At the G20 Summit, US President Trump said US-based firms can sell components to Huawei, but asks Federal Court to dismiss Huawei’s lawsuit against being banned from US networks.
US companies will be allowed to sell to Huawei on the proviso that trading with the Chinese telecom equipment maker doesn’t threaten the US’ national security.
As this was the primary reason given for the ban in the first place, this change of heart is somewhat puzzling, but follows the US’ President meeting the Chinese Xi Jinping at the G20 Summit.
The US continues to fight the Chinese equipment manufacture on a number of other fronts through legal processes: since the Summit, the Administration has asked the Federal Court in Texas to dismiss a lawsuit filed by Huawei.
Challenging the ban
The Chinese company is challenging the ban against it selling products in the US on the grounds the ban is unconstitutional as it singles out an individual entity for punishment without trial.
The US Department of Justice (DoJ) refuted the claim stating that the law was not unconstitutional punishment, but rather a natural progression to ensure China does not establish “a strategic foothold” in US networks.
As Huawei has been barred from US networks for years, the court case looks to be more about the legal principle of the Administration’s action rather than to gain access to that market.
The Chinese have argued that the multi-stranded action taken again Huawei is politically motivated.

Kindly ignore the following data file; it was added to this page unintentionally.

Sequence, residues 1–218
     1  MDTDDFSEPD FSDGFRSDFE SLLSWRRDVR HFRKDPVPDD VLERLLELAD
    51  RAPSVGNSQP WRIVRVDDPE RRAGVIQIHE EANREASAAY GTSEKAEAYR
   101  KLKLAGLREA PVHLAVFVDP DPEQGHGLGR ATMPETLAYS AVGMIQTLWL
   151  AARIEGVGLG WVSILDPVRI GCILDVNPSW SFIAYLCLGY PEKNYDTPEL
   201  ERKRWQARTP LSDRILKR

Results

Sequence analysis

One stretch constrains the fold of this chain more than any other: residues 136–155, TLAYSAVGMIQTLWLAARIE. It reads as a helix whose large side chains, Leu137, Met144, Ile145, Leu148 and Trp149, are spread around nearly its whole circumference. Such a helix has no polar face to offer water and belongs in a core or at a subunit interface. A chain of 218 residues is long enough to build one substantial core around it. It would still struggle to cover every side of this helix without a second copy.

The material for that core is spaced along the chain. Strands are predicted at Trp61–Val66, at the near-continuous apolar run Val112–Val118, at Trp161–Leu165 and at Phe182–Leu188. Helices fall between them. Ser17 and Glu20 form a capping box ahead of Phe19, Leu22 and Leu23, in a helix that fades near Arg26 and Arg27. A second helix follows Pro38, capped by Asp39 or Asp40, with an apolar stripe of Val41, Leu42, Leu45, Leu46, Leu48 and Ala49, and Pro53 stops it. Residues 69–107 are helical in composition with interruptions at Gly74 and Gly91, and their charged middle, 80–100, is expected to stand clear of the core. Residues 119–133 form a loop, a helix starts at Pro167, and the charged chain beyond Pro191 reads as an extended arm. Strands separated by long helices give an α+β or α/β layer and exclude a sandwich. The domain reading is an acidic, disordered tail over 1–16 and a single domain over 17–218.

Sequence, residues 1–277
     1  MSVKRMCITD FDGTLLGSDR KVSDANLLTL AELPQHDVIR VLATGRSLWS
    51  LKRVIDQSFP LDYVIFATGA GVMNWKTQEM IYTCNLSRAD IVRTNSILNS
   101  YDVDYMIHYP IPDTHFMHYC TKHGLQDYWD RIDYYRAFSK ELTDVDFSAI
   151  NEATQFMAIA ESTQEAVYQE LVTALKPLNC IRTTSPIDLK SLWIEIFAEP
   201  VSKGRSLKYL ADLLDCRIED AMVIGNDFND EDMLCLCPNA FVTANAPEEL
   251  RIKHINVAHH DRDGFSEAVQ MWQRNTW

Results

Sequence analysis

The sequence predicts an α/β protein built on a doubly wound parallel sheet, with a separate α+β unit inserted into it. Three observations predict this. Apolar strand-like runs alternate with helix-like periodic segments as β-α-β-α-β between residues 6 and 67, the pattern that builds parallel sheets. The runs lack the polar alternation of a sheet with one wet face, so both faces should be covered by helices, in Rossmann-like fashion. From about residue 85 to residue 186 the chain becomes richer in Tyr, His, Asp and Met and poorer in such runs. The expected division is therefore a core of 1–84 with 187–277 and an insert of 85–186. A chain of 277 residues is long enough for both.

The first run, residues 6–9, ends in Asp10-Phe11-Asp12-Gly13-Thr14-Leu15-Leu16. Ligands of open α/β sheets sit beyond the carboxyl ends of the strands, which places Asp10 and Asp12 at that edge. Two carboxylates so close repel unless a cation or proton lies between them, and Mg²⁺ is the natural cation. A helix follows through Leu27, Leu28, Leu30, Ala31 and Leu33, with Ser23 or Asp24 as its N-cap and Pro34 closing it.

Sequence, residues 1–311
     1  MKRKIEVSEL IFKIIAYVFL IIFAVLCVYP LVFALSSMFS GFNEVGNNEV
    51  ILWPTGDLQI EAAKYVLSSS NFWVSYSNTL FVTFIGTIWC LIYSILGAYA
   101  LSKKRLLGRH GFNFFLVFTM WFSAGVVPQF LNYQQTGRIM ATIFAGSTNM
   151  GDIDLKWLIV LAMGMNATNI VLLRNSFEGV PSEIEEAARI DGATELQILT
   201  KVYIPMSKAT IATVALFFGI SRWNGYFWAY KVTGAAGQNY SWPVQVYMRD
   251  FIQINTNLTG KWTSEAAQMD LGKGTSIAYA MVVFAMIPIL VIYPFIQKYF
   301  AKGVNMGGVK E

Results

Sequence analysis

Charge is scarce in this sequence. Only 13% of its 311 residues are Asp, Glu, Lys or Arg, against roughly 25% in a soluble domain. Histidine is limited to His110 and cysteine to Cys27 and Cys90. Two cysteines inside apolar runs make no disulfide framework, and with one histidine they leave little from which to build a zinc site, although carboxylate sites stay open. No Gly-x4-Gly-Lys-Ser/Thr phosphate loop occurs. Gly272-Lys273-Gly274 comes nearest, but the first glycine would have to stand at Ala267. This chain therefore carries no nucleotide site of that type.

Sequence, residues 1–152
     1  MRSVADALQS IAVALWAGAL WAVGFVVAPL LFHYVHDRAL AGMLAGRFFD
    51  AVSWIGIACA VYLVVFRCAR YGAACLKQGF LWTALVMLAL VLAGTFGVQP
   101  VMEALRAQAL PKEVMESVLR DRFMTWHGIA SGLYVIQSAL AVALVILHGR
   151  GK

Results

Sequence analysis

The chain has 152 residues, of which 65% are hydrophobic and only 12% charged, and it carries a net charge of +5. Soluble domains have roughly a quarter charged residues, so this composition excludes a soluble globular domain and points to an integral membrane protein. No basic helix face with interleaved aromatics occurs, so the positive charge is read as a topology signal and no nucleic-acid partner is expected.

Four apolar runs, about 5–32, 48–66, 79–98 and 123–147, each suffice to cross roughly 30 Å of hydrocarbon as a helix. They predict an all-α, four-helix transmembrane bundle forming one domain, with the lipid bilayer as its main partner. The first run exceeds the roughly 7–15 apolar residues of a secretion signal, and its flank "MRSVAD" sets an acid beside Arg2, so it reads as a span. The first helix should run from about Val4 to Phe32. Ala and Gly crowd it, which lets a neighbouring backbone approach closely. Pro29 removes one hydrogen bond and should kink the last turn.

The far greater damage to Huawei is from it not being able to source components and software from US companies.
Estimates have suggested it could cost $30 billion in the next two years in lost sales.
Nor was Huawei reassured by the US President’s apparent about-turn at the G20 Summit, but instead in now working on how to survive without reliance on US companies.
It is hard to see how this is going to be a good outcome for those American enterprises, which is likely to have a lot to do with President Trump’s apparent change of mind.
The unpredictability of the US stance towards Huawei has fuelled fears that it will splinter the global communications market, to the extent that Google has been lobbying the US Administration about allowing Huawei access to future updates of its Android operating system.
The DoJ said it had been highlighting how Huawei could be a cybersecurity threat.
Further, the DoJ said the legal premise that Huawei’s case is based draws on arguments from the Cold War and Civil War that are outdated.